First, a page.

Human Performance Improvement Safety Moment: Mostly Proud, Kind of Annoyed.

Kids. Am I right? You’re pretty sure they are roundly ignoring everything you say until they have the opportunity to throw your words back at you. When they do you’re a little conflicted. “Great. They were listening to my sage advice… but do they have to be so condescending about it?” I thought I’d share a recent moment when this happened to me as it involved a Human Performance Improvement safety moment.

My adult-ish son and I had plans to go to my son-in-law’s family property to shoot skeet or clay pigeons. Now when I say “adult-ish” I mean he’s 22; old enough to vote, not old enough to rent a car, young enough to stay on my health insurance since he’s still in college. You get the picture. My son-in-law had just gotten a brand-new shotgun and was anxious to try it out. Since it had been years since we last shot skeet, we decided to clean and oil my old shotgun and join him for an afternoon of shooting. 

When we met him in the field I noticed that my 20-year-old shotgun was almost identical to his brand-new one. We both had a Remington 870; same barrel length and same wood grain color. I use my gun so infrequently it looks brand-new too. The only difference between the two was that I had a plug installed so mine could only hold three shells and my son-in-law’s could hold five. If you don’t know, federal law mandates that you can only have three shells in your gun when hunting migratory birds and the plug takes up the room of two shells to maintain this limit. Using a good Questioning Attitude, my son asked how we would know if we had a gun with five rounds or three rounds. The most efficient thing to do would be to remove the plug from my gun so we would need to reload less often. I guess I put the magazine cap back on too tight because we couldn’t get it off by hand and we didn’t have any tools in the field with us to remove the plug.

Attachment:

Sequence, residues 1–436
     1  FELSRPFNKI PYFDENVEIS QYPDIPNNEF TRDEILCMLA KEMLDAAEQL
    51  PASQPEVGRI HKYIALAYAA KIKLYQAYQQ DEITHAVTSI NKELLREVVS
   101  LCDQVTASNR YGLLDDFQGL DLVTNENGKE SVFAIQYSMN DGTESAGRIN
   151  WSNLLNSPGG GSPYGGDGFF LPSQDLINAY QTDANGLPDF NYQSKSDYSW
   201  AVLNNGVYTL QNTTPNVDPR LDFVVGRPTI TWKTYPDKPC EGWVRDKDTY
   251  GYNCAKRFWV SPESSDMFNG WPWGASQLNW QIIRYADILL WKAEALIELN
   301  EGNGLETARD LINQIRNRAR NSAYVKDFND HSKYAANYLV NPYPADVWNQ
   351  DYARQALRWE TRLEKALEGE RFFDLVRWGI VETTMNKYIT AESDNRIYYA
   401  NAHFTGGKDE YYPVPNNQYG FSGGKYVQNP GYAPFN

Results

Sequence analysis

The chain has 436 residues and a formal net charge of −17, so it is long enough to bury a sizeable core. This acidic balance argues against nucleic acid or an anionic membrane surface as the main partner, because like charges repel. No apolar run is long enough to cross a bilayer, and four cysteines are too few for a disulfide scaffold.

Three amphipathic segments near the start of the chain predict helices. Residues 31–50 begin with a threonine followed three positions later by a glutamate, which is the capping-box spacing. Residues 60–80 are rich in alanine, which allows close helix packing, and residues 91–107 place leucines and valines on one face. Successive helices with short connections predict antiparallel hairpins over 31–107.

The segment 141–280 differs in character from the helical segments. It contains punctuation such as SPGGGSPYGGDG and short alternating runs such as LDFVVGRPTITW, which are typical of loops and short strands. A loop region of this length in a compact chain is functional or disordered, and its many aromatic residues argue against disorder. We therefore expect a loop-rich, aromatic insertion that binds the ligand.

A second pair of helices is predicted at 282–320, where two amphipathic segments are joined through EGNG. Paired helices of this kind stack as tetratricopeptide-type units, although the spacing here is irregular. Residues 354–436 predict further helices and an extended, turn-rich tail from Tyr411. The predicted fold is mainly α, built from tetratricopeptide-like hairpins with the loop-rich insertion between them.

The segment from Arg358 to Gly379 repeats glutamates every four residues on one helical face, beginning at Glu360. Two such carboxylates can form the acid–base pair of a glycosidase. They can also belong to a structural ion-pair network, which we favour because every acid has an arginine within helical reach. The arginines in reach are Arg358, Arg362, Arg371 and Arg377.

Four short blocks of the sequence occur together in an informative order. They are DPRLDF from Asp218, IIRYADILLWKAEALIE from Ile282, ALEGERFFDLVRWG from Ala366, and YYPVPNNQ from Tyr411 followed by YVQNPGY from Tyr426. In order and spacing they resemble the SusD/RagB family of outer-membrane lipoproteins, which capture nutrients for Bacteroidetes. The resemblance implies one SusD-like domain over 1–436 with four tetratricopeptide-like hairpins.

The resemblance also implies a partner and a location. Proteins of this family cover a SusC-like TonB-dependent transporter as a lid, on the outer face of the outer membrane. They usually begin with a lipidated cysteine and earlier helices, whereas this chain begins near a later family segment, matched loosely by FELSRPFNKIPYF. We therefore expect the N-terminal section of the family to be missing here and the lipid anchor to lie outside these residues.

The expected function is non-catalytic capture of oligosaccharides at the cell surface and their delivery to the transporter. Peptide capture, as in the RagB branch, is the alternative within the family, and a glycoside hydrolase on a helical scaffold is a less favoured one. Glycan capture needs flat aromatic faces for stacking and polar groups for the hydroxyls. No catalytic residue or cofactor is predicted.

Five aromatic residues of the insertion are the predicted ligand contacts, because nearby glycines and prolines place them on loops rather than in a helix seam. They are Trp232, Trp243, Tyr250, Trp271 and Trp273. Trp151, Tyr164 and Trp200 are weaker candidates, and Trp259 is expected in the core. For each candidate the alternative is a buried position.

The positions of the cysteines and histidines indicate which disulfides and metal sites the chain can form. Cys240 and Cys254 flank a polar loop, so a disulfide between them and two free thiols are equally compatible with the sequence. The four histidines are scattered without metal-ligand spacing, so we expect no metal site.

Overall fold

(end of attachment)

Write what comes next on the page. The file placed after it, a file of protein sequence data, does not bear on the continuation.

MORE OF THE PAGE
Since I couldn’t get the plug out of my gun I suggested that we limit ourselves to only putting three shells in either gun. I thought it was a pretty good solution. If we mutually agree to only load three shells, then we’ll always know how many rounds are in either gun. My son furrowed his brow at me, turned to his brother-in-law and asked, “Do you have the plug for your gun?”. He did. “Put the plug in your shotgun, too.” Anxious to start shooting I said, “Why? If we only put three in either gun, then we don’t need the plug.” Some of you are probably way ahead of me and know exactly how I just set myself up for condescension and smugly delivered scorn.

“Well, Dad, as I’ve heard repeatedly my entire life, if there is a way to engineer around a potential problem and remove the human factor, then you should do that. If we install the plug then we can remove the potential that one of us forgets and loads more than three shells. Now we have a physical barrier and I don’t have to trust that you loaded the gun correctly.” Pause for effect, “Don’t you do Human Performance stuff for a living? Pay attention; you might learn something.”

This was promptly followed by a little back and forth that ended with me threatening to tell his mom. So as the title says, I was mostly proud but kind of annoyed. I was proud that he had indeed listened all those times I was wearing him out with Human Performance. I was proud he looked at the situation and didn’t take a pretty good solution when a better one was available. I was a little annoyed for setting myself up for this and by his approach to coaching. I mean, he’s seen the Knowledge Vine COACH model… he should know how to coach better!